transiency


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tran·si·ence

 (trăn′zē-əns, zhəns, -shəns) also tran·si·en·cy (-zē-ən-sē, -zhən-, -shən-)
n.
The state or quality of being transient.

transience, transiency

the state or quality of passing with time or being ephemeral or fleeting. — transient, adj.
See also: Time
ThesaurusAntonymsRelated WordsSynonymsLegend:
Noun1.transiency - an impermanence that suggests the inevitability of ending or dyingtransiency - an impermanence that suggests the inevitability of ending or dying
impermanence, impermanency - the property of not existing for indefinitely long durations
fugaciousness, fugacity - the lack of enduring qualities (used chiefly of plant parts)
ephemerality, ephemeralness, fleetingness - the property of lasting for a very short time
References in periodicals archive ?
10] In any society, poor people bear most of the brunt of violence, which is associated with 'over-crowding, family disruption, weak social structures, high population concentrations, population transiency and social norms which encourage the use of violence to cope with difficulties'.
The article goes on to say, a more flexible job environment actually creates more jobs, though job sharing, project based jobs, as well as can accommodate population transiency.
That process initially takes shape in Sylvie's commitment to transiency, which quietly traces a debt to America's peripatetic grand narratives, from Moby-Dick (1850) and Thoreau's Walden (1854) to Whitman's "Song of the Open Road" (1856) and Twain's Adventures of Huckleberry Finn (1885); from Hemingway's In Our Time (1925) to Nabokov's Lolita (1955/58) and Kerouac's On the Road (1957).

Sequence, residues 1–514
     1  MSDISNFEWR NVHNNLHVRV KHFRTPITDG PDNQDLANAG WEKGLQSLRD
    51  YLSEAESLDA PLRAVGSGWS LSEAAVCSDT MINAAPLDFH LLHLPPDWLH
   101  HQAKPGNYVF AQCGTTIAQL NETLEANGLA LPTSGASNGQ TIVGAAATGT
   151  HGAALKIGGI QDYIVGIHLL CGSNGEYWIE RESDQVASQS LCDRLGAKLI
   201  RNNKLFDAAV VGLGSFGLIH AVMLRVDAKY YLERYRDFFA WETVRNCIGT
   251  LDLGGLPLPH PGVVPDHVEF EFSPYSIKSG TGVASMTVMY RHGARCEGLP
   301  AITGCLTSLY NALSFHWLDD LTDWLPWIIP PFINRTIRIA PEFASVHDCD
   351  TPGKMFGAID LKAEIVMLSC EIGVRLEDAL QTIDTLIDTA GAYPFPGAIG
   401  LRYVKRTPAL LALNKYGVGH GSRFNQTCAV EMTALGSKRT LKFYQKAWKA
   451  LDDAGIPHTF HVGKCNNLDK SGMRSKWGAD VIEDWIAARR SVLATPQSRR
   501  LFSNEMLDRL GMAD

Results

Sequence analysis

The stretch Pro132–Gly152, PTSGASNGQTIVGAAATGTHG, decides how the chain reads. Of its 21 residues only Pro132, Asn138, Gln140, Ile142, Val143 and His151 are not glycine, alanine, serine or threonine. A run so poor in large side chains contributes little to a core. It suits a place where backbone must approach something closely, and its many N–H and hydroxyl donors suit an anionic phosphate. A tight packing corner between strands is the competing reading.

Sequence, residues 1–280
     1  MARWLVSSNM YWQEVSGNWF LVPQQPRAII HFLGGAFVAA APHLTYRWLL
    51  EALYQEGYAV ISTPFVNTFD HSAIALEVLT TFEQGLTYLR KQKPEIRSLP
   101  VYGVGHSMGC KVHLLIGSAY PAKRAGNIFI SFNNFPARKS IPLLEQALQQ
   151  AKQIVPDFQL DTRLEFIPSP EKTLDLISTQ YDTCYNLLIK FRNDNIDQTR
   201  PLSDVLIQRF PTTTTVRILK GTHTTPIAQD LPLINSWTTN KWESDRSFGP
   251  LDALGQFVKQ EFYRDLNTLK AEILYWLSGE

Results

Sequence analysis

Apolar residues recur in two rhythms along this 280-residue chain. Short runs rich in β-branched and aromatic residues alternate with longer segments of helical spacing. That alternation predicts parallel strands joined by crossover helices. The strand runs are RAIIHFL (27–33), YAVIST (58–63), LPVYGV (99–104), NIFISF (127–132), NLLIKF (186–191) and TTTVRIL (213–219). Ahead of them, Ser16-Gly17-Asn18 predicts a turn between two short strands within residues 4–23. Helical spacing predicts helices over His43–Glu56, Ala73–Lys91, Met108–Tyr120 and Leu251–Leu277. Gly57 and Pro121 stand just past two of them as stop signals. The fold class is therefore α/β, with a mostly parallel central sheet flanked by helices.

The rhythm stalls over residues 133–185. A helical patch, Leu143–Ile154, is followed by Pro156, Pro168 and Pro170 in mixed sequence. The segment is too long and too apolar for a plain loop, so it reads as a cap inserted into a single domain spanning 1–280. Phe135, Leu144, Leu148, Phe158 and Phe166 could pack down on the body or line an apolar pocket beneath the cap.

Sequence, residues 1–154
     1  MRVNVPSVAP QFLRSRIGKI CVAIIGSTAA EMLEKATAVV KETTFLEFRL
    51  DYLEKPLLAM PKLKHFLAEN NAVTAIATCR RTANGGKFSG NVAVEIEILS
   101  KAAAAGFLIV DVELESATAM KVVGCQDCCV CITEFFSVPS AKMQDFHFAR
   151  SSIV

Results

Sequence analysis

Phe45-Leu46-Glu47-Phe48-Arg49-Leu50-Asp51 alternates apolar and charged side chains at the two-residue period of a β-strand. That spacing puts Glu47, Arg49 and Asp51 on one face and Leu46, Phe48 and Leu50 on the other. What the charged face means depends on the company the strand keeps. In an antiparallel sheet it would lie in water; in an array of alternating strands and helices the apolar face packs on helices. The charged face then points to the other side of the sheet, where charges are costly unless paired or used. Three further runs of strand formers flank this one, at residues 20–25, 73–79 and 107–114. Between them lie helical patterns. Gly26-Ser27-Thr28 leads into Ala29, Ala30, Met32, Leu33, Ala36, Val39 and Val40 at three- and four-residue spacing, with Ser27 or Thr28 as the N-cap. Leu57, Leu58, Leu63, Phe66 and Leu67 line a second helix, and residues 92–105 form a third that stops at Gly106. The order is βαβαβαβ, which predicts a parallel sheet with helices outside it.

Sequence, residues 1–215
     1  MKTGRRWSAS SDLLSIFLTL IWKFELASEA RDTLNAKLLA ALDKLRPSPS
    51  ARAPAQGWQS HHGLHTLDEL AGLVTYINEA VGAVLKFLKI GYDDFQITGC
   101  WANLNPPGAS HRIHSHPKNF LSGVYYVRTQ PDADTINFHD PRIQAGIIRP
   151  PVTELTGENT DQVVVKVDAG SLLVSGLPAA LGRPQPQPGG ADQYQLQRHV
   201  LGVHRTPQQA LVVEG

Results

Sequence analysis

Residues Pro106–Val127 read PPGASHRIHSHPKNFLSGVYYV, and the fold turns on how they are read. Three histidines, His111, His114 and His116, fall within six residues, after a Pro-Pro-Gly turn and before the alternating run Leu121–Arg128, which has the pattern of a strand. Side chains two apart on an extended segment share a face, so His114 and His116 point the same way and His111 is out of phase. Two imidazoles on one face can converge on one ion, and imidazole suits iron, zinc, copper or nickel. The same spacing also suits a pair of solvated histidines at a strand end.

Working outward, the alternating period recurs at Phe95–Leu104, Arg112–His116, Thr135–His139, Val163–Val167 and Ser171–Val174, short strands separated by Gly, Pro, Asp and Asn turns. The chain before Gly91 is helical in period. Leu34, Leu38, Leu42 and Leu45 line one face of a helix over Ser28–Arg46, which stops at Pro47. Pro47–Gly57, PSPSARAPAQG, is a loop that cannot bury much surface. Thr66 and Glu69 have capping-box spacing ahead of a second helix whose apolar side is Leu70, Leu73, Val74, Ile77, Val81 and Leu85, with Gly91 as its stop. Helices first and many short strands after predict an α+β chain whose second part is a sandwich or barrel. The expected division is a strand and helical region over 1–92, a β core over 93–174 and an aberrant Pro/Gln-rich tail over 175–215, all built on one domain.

These people don't want to be tied down to a mortgage, and so they've turned to rented property to fulfil their need for transiency - and this has driven the returns that investors in rented real estate have enjoyed.
There is a lot of transiency with students moving from one school to another, so one way that we've tried to invest in our families and in our students is to make sure that they are very happy and that they are pleased with the success they are seeing, so that they return for the next school year.
These people don't want to be tied down to a mortgage, and so they've turned to rented property to fulfil their need for transiency -- and this has driven the returns that investors in rented real estate have enjoyed.
Lastly, given that (a) melanoma incidence is characterized by a significant latency period, (b) the study period comprised 36 years, and (c) county population transiency may effect the interpretation of results, the researchers collected migration data for the counties under investigation (Table 2).
In addition to this fragmentation, the presence of elderly housing units in the district, the transiency of the minority populations and their historically low voter turnout rates severely weaken their majority status.
The challenges of student transiency for rural schools and communities in the era of No Child Left Behind.
They found that it was difficult to find consistent census data on the number of refugees living in Ontario because of the high transiency rate.
Suffering of any kind is subversive to the house of ego, calling into question the mental or physical basis of the conception of self, highlighting its transiency and mutability.
The prevalence of migration and the transiency of the population in this period make it difficult to determine how many Catholics actually resided in either place in 1829.